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Look below the surface

Bill Brink | Friday, August 21, 2009

To all you freshmen who grew up reciting Rockne’s speeches, who lay in bed not with visions of sugarplums but of Touchdown Jesus and the Golden Dome, who have 37 family members who went here, who watched “Rudy” so many times you know the order in which the players turned in their jerseys to Dan Devine: Wake up.

Rise and shine, ladies and gentlemen, because life here ain’t like that. You may as well have just hopped off the Mayflower, because you’ve entered a world of conservatism, religion and two months of sub-zero temperatures, a place where alumni treat Barack Obama as though he were Michael Vick. Buckle up.

Airplanes flew over campus this spring towing pictures of aborted fetuses to protest Obama giving the commencement address. Awesome dorm events get cancelled and controversial plays cause uproars. You can’t camp out for basketball games a la Kryzewskville or the police will run you away.

No joy on finishing that movie/homework assignment/date in the dorm of the opposite sex after midnight – the rules governing this are called parietals, a word which will soon have the same annoyance as the words “traffic” or “airport security.”

Boys and girls can’t see each other until tonight. What better way to teach kids away from home for the first time to interact with the opposite sex than to keep them apart? Sex is banned on campus. Not frowned upon. Banned. So is hard alcohol.

Welcome to college!

So why am I still here after three years of this nonsense? Why does anyone con their folks into shelling out $200,000 for tuition and make the trek to South Bend rather than party their way through the cheap local state school?

Chances are you knew some of this coming in. So there must be something that brought you here anyway, no?

You’re here for the intangibles, the things that can’t be quantified by rules or SAT scores or football records. You’re here for the community you’ve joined and the friends and memories you’ll make.

If you’re here, you’re part of a community that transcends all others, that includes some of the finest people in the world (Condoleeza Rice) but also some of the dumbest (Steve Bartman).

This school isn’t about the Dome and TJ, it’s about creating drinking games with your friends that your RA can’t hear. (Hint: stay away from ping pong balls and quarters. Cards and dice are good). It’s about the little things that don’t show up in the brochure or on Saturdays on NBC. Those stick with you longest.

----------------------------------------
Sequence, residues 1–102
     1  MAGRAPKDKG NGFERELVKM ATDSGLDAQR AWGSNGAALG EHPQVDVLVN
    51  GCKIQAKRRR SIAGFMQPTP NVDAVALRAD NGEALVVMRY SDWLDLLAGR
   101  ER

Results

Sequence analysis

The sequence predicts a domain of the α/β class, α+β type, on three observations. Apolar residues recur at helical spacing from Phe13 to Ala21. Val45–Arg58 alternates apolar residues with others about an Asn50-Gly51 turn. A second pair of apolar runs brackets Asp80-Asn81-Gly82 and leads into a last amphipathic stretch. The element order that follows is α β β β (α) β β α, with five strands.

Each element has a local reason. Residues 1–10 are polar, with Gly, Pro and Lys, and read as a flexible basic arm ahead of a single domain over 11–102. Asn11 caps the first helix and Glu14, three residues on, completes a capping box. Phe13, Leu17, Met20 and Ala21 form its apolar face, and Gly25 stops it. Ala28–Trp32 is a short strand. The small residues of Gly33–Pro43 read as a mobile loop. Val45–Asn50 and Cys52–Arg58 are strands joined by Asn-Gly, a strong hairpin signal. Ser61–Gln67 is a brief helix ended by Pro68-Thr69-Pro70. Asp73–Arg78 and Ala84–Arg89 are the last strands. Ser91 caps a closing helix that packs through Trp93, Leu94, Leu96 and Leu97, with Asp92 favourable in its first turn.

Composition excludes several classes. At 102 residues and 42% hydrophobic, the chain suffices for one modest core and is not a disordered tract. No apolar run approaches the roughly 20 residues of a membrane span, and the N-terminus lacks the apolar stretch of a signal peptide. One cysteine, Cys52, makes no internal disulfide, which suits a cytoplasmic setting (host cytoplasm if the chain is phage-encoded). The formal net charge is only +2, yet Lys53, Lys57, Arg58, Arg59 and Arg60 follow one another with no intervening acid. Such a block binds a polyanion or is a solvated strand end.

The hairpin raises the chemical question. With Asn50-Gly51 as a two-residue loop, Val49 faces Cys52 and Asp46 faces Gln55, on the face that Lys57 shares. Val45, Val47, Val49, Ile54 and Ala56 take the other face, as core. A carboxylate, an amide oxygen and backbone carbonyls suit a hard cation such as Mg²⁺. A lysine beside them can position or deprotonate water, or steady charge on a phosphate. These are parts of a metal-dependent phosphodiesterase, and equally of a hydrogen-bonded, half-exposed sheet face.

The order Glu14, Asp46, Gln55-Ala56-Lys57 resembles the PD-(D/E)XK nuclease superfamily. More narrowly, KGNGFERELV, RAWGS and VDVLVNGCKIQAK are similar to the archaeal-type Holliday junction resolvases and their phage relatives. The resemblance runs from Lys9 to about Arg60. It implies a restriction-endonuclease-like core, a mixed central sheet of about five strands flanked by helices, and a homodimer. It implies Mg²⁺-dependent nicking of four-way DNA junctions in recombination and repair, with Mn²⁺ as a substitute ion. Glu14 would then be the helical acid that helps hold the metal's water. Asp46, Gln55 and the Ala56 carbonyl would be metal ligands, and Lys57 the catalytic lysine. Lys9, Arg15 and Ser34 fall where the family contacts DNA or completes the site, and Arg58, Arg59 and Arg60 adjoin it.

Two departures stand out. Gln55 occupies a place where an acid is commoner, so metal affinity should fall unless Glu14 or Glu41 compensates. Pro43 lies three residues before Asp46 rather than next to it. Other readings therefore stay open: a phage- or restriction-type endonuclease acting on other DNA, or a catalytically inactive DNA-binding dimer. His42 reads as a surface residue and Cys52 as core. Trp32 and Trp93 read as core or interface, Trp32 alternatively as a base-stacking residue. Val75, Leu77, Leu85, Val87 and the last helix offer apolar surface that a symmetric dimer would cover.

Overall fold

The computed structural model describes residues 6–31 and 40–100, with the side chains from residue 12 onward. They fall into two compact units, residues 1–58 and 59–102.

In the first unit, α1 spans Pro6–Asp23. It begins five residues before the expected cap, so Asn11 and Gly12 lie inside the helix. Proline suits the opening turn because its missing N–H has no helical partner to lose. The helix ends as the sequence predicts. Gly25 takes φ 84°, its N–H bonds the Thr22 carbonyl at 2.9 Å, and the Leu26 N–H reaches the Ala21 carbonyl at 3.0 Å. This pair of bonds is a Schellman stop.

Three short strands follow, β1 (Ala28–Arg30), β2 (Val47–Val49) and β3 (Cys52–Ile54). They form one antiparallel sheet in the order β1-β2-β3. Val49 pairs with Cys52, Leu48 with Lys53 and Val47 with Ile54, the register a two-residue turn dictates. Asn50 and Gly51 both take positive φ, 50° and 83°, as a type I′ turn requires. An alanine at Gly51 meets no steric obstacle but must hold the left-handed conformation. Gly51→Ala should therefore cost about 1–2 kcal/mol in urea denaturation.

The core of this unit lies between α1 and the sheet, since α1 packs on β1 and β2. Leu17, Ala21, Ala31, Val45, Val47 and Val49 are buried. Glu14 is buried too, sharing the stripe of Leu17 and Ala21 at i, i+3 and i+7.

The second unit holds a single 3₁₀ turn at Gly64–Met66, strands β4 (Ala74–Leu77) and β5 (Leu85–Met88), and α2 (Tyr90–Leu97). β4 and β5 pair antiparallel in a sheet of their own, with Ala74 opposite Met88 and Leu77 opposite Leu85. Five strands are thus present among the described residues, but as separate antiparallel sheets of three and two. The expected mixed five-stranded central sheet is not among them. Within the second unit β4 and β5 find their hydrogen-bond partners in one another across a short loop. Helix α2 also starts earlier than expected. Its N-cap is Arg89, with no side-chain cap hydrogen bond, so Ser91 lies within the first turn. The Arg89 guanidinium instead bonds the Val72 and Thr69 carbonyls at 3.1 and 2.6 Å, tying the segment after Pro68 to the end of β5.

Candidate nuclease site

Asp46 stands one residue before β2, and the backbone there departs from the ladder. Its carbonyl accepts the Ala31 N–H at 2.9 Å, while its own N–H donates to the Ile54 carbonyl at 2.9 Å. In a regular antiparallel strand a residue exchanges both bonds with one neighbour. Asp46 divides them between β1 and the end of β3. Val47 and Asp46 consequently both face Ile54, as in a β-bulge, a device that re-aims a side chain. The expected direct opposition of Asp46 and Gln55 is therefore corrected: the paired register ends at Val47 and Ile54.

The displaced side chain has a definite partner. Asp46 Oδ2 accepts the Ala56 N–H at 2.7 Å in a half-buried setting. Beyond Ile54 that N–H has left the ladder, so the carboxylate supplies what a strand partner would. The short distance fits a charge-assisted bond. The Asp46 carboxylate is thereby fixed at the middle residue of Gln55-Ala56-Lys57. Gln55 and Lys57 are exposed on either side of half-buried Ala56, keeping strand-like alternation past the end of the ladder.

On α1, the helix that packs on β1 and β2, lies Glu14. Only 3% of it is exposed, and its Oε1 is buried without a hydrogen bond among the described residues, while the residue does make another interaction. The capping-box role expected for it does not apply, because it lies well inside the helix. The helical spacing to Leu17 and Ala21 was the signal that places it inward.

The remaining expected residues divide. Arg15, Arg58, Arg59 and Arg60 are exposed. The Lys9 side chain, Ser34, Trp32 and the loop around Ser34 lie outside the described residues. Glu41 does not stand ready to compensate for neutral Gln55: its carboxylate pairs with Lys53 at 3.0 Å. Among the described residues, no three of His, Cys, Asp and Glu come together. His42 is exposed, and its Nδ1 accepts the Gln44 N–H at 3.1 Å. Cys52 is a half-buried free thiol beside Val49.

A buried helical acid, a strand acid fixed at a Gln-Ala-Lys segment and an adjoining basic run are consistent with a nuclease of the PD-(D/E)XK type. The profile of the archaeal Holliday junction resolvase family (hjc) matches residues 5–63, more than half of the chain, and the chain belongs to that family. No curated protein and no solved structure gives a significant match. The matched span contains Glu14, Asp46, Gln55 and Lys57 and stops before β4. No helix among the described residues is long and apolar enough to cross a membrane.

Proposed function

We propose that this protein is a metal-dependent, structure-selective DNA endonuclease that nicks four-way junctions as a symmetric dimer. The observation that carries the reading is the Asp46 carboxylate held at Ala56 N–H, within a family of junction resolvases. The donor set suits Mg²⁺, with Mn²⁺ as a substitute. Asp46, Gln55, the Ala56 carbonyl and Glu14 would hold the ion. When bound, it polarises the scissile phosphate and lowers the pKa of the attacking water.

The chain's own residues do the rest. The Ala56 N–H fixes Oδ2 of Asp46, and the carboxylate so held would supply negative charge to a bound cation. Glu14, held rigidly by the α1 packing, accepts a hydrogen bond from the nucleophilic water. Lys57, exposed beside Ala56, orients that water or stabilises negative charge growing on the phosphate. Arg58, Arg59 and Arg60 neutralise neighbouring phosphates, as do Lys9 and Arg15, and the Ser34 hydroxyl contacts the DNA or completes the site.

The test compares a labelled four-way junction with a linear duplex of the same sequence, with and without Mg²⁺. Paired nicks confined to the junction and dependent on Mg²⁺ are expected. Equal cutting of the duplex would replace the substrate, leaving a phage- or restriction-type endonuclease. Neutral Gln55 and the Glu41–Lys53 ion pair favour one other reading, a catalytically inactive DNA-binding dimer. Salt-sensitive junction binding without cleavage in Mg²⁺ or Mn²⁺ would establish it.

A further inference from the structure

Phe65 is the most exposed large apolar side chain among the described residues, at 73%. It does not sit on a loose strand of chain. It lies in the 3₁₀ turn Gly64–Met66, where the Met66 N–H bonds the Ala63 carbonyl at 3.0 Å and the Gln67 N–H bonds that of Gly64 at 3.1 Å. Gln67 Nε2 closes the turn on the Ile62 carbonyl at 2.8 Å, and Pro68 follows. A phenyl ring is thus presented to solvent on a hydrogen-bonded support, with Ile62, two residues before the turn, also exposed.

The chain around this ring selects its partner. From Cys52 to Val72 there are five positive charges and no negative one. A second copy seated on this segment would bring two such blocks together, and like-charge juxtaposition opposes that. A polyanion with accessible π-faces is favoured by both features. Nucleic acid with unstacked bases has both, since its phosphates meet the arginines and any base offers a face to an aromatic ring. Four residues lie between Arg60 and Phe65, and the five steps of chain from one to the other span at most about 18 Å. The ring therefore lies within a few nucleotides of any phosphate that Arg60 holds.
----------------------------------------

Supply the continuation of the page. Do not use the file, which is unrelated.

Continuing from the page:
You’ll get so close to your group of friends that you can literally hear them think. I had the same roommate for two years, and if he were suddenly struck mute I could speak for him and no one would ever know.

This skill is only useful every once in a while. What you learn in classes, however, will be useful … every once in a while. Slog your way through the requirements so you can take classes you like. Parents reading this, let your kids major in what they want. Wouldn’t you rather they graduate with a degree in Latin than drop out after three semesters of chemical engineering?

This place has spirituality without parallel. If you’re religious, Notre Dame provides ample opportunity to practice. If you’re not, Notre Dame surrounds you with nice people who don’t care.

Your fellow students don’t become your best friends by accident. You all came here for similar reasons: You chose a school known for its solid academic program and top-tier athletics with a manageable size and close-knit nature. You’re most likely willing to sacrifice some freedoms other schools provide to take part in these things.

It’s worth the sacrifice.

In the scheme of things, the negative aspects of this place stand out to the outside observer. You have the rare chance to see the inside, to experience the joys of this place that lie below the surface. So you’ll leave respectfully at 11:55, you’ll tolerate the insane views of the University’s supporters, you’ll find other ways to prepare for basketball games. Trust me, you’ll live with the restrictions and negatives, even embrace them, because the greatness of Notre Dame will eventually shine through.

The friends and connections you make here last and the community of the place – put it this way, I’ve been here three years and can’t accurately put it into words. I’ve tried to do so in this column, and you still have no idea, do you? Give it some time. By the Michigan State game you’ll know what I mean.

Bill Brink is a senior History major and Journalism minor who hopes you still want to be here after reading this. He can be reached at wbrink@nd.edu

The views expressed in this column are those of the author and not

necessarily those of The Observer.